41188 comes with four figures: the Goblin King, Sophie Jones, a goblinion named Tufflin - bless his heart! - and Emily Jones. The Goblin King is a wonderful little doll, with a double-sided cape, a new(ish) necklace part, gunmetal-and-gold printed armor, tattoos printed on his arms and face, and that sweet crown-and-hair part. Sophie Jones repurposes the Wyldstyle hairpiece cleverly, and with her oversize eyes and cute overalls, nicely looks a bit younger than her sister.
Tufflin - bless his heart! - has some scaly armor printing, cool lavender skin, and an adorably irked expression. Something I love about the goblin mold: they have a subtle, but very much there, tush. It's maybe the first time I can think of that a LEGO figure has been designed with a butt! Emily Jones looks chic and modern with her "leggings and skirt" combo. She too wears a necklace.
The mini-model of the set is a little raft for Emily Jones. It's a fun, small model, which makes good use of that black handle-tile and some hollow studs to make its rudder fully poseable. I like how the grappling hook is actually designed to wrap around the raft when it's in storage. Nice way to keep it contained, rather than obnoxiously extended all the time.
This fortress really cuts a nice silhouette. With its big round portal up top, isolated tower with tall throne and spiny, leafy protrusions, and arched concourse, the castle makes good use of space and negative space. I really love the color combinations here; a huge variety of colors are utilized in the build, but they tie together well in my opinion. Certainly some combinations, notably sand green and pale green (the stonework) have never been made in a LEGO product before, and have a striking debut here. The scheme is also quite logical and clean; you can tell what every brick is meant to represent based on its color. Dark blue? Part of a sinister tree. Sand green? Parapets. Trans-pink? Crystal. On the list goes.
I like the shaping everywhere. This is a smooth, rounded fortress that's been overgrown with organic, spiny growths. Some of my favorite details of the exterior: the eye assembled above the drawbridge; the snapper plant on a long stem at the foot of the tower; the subtle stairs leading to the green portal; the winding, intrusive tree root winding down the tower; the way the parapets are achieved.
Inside the castle, you'll find three distinct rooms. The entrance hall, which the drawbridge opens up into, also seems to double as a laboratory of sorts, because this is where most of the demon-plant paraphernalia can be found, and there's a little fireplace over to one side. Stickered 2x4 tiles make up rugs, leading into a shallow hallway which has a picture of the Goblin King and his mom stickered to one of its bricks, as well as a spare meal on one of the railings.
The room at the base of the tower is a bedroom, with a four-poster bed featuring cute striped sheets, as well as a little cot on the floor directly next to it. I wonder who this second bed is for. Tufflin-bless his heart!-? Above the bedchamber is a little study, with quill in inkwell and that book we saw earlier leaning on a writing desk.
All in all, I find the aesthetic design of the set quite satisfactory. Let's see how it fares against the play test!
The other half of the fun is in playing with the set. How well does the set function and is it enjoyable to play with?
Two features highlighted in the above picture: the working drawbridge (turn the black gear, and raise/lower the bridge), and the secret rock door entrance, which makes use of the new 1x2 bricks with bar as its hinges. Both functions work well, and feel quite appropriate to the fortress.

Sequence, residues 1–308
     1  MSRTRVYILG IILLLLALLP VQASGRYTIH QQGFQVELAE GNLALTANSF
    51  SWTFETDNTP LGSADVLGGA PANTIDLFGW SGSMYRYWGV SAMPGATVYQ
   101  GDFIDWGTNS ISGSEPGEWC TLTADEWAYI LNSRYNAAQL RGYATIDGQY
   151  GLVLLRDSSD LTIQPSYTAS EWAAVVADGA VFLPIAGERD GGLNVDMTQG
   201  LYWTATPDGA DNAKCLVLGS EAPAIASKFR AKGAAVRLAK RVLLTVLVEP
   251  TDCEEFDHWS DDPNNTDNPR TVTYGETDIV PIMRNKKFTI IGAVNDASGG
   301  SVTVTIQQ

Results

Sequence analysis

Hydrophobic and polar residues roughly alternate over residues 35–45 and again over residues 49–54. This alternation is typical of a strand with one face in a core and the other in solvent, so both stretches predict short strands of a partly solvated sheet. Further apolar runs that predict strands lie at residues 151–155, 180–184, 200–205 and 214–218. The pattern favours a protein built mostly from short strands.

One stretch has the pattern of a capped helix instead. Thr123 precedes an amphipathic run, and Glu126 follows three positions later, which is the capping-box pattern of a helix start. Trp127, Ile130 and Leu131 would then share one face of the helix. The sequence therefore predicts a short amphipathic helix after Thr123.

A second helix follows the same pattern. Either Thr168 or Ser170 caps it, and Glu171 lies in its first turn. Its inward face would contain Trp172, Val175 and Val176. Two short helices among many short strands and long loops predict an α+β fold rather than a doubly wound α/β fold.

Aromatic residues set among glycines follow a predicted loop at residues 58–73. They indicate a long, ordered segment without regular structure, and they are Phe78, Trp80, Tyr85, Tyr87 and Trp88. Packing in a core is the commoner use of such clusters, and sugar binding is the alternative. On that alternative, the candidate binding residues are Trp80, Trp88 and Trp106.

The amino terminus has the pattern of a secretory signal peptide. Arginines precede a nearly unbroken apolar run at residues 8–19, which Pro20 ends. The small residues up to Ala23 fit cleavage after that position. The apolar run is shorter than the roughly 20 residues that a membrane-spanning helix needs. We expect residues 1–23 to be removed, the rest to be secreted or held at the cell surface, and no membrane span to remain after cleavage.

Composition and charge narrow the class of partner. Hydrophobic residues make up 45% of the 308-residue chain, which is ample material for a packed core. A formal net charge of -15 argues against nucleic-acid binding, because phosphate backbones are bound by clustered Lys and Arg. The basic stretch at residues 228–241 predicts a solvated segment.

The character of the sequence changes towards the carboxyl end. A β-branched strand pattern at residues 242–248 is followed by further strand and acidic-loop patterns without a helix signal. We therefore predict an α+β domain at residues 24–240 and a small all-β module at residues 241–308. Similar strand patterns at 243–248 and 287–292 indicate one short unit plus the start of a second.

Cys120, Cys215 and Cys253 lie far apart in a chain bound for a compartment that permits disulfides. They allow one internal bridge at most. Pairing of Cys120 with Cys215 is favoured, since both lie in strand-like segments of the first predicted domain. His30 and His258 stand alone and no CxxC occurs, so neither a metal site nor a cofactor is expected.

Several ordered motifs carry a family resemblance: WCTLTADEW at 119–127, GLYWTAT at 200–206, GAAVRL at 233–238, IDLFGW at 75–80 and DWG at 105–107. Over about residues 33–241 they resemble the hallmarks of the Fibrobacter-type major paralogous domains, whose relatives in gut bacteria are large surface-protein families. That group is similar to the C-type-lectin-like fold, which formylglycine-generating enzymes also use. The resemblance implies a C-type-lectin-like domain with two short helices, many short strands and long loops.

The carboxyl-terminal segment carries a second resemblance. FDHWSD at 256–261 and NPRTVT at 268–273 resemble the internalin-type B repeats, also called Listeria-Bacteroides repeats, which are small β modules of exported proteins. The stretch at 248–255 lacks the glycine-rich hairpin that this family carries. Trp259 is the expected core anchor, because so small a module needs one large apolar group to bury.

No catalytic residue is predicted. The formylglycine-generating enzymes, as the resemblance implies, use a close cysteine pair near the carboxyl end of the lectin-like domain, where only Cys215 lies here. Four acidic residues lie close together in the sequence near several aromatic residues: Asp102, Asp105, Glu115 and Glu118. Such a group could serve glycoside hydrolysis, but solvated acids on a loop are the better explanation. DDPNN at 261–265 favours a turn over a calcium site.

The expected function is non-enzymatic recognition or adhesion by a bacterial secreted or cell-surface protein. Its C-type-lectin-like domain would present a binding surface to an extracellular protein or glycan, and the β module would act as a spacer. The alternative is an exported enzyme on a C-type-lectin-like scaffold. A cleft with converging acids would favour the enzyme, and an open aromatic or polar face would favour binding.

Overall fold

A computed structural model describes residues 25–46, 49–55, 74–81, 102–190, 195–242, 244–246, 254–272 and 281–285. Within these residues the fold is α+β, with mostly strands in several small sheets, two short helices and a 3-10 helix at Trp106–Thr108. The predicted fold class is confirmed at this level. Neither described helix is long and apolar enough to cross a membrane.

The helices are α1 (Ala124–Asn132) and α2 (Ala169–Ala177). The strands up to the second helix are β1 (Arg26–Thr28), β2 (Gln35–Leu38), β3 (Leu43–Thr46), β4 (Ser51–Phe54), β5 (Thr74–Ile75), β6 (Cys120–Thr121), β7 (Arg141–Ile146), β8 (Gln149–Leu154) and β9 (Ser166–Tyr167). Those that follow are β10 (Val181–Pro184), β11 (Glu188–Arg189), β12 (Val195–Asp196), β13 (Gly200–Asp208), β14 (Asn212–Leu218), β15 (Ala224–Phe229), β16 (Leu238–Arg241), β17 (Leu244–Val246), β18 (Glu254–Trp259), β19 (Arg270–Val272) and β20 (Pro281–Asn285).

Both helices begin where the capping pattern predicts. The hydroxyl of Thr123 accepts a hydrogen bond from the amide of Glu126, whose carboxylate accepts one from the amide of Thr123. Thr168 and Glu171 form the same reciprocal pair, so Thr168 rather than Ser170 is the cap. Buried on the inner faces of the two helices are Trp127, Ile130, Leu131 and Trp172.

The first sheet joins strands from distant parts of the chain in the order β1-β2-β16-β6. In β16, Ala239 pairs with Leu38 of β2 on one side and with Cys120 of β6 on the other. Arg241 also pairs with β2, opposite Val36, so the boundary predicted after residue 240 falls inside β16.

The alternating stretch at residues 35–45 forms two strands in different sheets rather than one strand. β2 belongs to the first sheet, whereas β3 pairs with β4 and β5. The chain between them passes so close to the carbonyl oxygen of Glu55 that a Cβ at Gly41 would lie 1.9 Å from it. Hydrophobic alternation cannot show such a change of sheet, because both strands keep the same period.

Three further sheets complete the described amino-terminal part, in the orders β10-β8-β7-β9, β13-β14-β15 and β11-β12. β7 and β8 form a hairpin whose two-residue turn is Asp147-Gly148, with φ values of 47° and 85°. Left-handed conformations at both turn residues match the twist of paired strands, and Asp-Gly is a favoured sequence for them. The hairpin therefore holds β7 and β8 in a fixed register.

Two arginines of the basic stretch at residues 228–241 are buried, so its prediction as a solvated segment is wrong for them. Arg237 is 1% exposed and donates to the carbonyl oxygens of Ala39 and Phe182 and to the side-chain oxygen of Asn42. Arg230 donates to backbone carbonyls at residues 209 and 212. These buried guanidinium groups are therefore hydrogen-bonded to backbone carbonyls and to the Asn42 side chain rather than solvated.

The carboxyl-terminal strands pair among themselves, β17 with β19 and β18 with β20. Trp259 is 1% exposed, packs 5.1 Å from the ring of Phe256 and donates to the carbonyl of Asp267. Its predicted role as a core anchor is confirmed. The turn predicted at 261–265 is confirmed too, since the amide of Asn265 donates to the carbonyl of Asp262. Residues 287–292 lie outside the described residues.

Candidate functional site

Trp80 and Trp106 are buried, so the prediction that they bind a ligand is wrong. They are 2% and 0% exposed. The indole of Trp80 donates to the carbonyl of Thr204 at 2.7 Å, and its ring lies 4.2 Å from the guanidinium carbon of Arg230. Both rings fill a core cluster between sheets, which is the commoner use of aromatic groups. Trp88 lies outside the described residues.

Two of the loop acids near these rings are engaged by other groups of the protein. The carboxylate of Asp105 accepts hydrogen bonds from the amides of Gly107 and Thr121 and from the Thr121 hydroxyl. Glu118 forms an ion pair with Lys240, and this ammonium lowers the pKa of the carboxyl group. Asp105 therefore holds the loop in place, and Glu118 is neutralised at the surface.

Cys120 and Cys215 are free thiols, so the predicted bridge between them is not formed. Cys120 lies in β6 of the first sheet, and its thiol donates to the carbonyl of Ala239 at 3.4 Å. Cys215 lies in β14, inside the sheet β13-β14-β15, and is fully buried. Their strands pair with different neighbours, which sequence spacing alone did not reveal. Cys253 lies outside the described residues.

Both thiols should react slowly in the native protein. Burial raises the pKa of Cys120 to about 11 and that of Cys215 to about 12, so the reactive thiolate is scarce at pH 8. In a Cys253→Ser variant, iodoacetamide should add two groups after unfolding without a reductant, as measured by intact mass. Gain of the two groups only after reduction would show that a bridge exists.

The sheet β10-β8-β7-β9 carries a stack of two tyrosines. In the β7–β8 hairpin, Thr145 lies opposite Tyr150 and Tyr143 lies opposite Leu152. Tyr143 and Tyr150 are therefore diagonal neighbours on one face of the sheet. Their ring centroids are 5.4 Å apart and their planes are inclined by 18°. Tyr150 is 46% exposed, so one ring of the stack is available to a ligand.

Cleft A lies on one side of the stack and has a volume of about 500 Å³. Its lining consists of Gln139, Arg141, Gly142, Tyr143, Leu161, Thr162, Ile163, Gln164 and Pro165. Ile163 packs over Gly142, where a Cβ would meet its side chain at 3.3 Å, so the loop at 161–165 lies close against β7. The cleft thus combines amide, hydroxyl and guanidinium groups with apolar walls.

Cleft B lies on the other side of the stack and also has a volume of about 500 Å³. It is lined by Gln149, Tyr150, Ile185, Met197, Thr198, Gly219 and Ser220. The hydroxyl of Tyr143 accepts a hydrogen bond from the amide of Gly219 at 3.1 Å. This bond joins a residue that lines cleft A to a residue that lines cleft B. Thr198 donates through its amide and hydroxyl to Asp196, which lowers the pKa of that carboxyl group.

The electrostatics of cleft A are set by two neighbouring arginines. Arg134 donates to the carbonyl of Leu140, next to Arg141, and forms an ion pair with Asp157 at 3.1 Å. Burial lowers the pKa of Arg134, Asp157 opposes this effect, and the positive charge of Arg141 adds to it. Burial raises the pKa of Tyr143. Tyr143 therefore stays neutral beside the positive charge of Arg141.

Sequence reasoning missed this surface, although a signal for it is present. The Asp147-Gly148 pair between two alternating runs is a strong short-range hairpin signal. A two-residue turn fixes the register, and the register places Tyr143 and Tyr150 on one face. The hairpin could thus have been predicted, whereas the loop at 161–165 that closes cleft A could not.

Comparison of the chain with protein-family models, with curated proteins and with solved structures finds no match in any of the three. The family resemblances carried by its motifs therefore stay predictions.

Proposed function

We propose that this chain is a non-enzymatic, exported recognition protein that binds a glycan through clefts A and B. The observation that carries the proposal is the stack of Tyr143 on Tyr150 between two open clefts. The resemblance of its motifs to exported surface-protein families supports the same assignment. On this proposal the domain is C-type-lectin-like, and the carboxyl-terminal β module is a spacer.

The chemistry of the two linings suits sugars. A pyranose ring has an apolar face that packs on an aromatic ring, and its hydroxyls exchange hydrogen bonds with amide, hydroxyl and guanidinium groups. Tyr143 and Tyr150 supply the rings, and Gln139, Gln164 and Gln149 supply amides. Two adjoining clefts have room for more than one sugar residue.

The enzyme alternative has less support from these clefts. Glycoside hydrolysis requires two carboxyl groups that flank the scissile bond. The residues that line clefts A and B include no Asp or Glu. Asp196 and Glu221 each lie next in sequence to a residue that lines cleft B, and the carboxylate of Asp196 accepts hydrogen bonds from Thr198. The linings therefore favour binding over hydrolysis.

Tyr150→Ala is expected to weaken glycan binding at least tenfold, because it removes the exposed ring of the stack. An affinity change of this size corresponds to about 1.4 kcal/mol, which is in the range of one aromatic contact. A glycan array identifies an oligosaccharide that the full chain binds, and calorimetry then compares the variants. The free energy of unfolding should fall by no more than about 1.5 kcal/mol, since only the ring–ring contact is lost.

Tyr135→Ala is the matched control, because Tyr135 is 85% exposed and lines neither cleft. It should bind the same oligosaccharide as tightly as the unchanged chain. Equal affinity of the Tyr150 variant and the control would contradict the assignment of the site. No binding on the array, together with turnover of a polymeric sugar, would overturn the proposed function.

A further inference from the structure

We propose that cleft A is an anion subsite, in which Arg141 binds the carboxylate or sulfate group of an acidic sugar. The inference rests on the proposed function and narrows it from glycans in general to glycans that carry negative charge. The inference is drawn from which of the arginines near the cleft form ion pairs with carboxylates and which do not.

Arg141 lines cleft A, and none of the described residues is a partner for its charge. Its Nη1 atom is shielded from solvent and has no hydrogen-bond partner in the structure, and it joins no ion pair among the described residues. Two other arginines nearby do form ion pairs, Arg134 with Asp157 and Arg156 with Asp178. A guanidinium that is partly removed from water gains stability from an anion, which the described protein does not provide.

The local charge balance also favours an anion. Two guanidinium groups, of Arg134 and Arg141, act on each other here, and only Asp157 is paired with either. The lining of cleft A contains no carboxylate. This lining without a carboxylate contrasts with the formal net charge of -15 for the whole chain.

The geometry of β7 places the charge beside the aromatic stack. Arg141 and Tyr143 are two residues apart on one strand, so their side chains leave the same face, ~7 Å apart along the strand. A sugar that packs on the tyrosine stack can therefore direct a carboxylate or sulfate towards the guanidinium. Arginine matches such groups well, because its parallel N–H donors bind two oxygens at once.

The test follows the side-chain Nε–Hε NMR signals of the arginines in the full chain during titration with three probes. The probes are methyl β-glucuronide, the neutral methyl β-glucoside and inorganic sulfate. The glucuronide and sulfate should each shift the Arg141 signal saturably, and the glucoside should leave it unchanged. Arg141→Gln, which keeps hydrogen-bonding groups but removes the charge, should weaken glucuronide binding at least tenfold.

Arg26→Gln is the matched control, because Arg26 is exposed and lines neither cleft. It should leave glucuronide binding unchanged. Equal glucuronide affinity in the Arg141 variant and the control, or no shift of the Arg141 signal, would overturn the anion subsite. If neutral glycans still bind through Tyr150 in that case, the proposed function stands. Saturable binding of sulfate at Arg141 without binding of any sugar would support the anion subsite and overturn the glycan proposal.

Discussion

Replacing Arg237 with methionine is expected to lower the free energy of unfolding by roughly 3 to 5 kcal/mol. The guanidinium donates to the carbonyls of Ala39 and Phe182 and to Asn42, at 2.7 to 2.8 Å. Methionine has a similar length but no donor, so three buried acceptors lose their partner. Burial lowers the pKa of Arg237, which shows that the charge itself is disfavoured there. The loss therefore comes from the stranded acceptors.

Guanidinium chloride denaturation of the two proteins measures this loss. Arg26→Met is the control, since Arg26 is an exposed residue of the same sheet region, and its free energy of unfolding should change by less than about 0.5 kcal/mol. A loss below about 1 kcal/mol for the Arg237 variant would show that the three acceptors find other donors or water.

I guess it wouldn't be a LEGO castle without one of those infernal little catapults, eh!? I'm pretty sick of these things. The ammo, a combination of a purple stud and a lime green ornamented stud, are maybe meant to be plant ammo? I don't know. I just resent these catapults for being such shoe-horn-able play features.
The other feature pictured here, the snapping plants at the base of the wall, is much more interesting and creative. By turning a gear behind the fortress, you pivot the pair of traps from side to side, so that they seesaw. When a plant is up, it can lay flat; when it's down, 1x2 panel parts force the two halves of the trap to snap together. It's great fun to snap the plants back and forth!
Lastly, there's the prison up top. It's not really a "play feature" so much as it's an articulation point. The Goblin King's throne, with the cage hanging from one of its branches, pivots on a turntable, meaning one can dangle the cage wherever one pleases. A note on the throne: it's actually not great at keeping the Goblin King, or any other minidoll, seated. He slips out of it rather easily.
Once it's all said and done, how does the set stack up? Should I get it?
That's the in-depth review. Let's tally up the score.
What's to like?
- Buncha new/interesting parts
- Tufflin has a tush!
- Castle is pretty, with lots of nice aesthetic details
- Castle has coherent, well-organized colors
- Some fun and functional play features
- $70 USD for 695 is right on the money for parts-to-price in my book.
What's not to like?
- That dang catapult
- Goblin King's chair doesn't really seat him well
All in all, I think 41188 is a pretty solid product. It's got tons of bang for your buck in terms of new and interesting parts; besides this, the final build looks really nice, clear, and coherent. A few well-chosen and well-adapted play features help to cement 41188 as a good set. I'd recommend it to Elves collectors for sure, and also to anyone looking to broaden their piece collection's vocabulary of colors.
Big thanks go out to Aaron for putting together this review, and much appreciation to LEGO for sending us this set. Let us know what you think about it in the Talkback! We'll see you soon with our next set review, right here on BZPower!